Transfusion Risk

There are a number of risk factors and side effects that should be considered during hemorrhage management. Transfusion of blood products can lead to hemolytic transfusion reactions as well as non-hemolytic reactions such as transfusion related acute lung injury (TRALI), transfusion associated circulatory overload (TACO), and transfusion related immunomodulation (TRIM). Banked blood products can also cause citrate toxicity and electrolyte abnormalities such as hyper- and hypokalemia, hypocalcemia, and hypomagnesemia. (3, 4) There should be a heightened awareness of these derangements during high volume transfusion situations as can significantly alter outcome and early treatment is critical.

It is recommended that hyperkalemia risk be reduced in children under 1-year-old or < 10 kilograms by blood washing or the use of ‘‘fresh’’ red blood cells collected within 7 days of transfusion. (7) This population has high risk of transfusion-associated hyperkalemic arrest compared to adults due to low circulating volume and renal immaturity. (5)

Patient Blood Management (PBM)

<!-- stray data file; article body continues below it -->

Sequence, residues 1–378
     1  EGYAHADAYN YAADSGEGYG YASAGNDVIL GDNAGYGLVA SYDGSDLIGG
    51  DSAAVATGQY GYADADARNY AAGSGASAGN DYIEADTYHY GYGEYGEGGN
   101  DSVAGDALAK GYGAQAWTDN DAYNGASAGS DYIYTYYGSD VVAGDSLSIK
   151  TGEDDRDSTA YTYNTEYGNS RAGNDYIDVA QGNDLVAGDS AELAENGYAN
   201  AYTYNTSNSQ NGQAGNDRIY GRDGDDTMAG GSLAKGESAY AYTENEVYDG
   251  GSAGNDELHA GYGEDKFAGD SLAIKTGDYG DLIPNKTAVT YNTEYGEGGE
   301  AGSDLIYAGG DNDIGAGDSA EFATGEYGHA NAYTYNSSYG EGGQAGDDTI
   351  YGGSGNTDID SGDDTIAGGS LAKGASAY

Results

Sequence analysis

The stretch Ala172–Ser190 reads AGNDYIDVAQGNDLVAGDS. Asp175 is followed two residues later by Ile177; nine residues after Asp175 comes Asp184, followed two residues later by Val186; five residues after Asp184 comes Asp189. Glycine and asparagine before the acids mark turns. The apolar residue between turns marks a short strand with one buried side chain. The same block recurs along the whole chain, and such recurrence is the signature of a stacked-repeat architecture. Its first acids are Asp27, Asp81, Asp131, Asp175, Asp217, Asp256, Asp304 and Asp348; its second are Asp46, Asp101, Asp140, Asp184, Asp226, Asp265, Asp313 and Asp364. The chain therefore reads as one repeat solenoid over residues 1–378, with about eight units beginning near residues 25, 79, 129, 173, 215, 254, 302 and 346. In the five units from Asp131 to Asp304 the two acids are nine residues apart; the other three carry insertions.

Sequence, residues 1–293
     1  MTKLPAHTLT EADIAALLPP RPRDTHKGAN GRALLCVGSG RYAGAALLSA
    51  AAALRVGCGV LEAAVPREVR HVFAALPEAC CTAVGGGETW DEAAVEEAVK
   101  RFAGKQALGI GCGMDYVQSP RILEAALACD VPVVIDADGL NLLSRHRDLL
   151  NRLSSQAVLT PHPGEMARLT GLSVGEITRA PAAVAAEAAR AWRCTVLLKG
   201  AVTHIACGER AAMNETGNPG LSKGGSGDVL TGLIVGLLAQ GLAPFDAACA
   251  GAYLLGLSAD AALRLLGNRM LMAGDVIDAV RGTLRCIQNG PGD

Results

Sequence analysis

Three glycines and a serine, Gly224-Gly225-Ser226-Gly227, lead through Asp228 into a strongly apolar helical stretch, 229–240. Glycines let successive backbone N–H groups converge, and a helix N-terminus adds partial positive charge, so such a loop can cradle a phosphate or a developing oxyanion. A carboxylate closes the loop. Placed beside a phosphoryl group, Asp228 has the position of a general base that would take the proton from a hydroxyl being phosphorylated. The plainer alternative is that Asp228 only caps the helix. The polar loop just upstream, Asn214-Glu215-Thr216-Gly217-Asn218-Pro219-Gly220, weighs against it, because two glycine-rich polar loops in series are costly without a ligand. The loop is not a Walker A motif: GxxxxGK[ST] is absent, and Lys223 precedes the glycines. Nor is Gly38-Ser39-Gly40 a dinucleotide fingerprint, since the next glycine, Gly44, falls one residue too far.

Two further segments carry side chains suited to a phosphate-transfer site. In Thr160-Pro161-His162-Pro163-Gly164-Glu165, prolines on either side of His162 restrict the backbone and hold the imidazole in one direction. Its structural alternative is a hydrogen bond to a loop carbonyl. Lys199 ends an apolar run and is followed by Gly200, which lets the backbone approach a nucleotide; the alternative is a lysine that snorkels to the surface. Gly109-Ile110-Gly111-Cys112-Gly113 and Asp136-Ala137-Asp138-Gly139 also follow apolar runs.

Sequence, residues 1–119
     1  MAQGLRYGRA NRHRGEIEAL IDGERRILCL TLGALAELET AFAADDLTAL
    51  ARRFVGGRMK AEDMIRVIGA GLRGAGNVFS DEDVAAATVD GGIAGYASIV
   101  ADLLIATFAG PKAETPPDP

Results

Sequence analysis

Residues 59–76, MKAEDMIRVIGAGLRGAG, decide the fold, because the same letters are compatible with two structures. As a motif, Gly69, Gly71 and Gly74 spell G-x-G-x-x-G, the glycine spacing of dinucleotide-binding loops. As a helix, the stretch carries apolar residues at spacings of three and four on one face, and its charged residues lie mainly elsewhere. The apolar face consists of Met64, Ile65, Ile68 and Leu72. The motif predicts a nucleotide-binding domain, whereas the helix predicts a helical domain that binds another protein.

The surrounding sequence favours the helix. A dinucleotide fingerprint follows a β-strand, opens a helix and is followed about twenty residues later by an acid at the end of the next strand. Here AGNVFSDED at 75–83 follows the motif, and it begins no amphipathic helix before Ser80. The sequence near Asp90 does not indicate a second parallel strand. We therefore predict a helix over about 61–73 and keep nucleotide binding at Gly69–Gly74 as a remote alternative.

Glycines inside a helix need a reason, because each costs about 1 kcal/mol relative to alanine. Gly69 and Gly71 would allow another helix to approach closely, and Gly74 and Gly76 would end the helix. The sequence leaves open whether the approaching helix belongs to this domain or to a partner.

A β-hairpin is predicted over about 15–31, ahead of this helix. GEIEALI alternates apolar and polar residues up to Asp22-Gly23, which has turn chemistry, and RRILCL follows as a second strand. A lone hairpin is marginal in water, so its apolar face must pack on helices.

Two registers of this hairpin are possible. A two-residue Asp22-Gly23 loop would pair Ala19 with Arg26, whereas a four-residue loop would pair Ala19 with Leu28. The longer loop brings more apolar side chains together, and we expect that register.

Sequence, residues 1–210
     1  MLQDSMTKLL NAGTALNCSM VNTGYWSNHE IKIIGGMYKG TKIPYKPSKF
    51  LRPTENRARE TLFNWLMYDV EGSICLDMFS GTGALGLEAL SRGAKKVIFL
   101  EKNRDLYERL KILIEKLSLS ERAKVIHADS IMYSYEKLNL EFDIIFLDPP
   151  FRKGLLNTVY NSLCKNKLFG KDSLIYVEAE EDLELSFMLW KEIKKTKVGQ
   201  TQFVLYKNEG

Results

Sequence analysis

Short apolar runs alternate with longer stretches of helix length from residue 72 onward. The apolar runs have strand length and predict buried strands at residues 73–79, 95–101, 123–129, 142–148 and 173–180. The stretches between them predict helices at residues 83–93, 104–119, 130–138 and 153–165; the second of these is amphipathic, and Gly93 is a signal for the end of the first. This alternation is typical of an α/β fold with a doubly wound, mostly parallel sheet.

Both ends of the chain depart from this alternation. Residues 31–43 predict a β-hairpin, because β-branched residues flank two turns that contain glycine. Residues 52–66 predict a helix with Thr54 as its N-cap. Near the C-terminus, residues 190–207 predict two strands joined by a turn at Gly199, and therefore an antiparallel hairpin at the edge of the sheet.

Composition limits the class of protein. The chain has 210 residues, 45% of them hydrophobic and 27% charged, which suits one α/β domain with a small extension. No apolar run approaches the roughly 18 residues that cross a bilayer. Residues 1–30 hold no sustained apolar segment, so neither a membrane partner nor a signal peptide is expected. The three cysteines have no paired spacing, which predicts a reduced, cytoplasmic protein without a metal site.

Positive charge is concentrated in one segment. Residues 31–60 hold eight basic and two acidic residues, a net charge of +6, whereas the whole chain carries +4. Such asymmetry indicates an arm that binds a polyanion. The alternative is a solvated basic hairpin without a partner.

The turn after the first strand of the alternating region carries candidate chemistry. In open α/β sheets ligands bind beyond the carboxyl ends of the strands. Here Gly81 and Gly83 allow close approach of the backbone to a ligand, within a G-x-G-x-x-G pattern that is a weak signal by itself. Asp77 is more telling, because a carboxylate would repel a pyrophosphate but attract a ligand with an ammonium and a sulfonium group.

Patient Blood Management is the timely application of evidence-based medical and surgical concepts designed to maintain hemoglobin concentration, optimize hemostasis and minimize blood loss to improve patient outcomes. (8) The development of a multidisciplinary Patient Blood Management (PBM) program within an institution can help to effectively and safely address the demands and strain on the system caused by a patient with massive hemorrhage. This program should include protocols to direct the availability of blood products after initiation of a large-scale transfusion event, transfusion triggers to activate such an event, and the quantity/ratio of blood products provided in the event. This allows for safe and effective optimization of blood products usage while reducing unnecessary transfusions. This can potentially decrease morbidity and mortality for the patient and decrease health care costs for the institution. (8)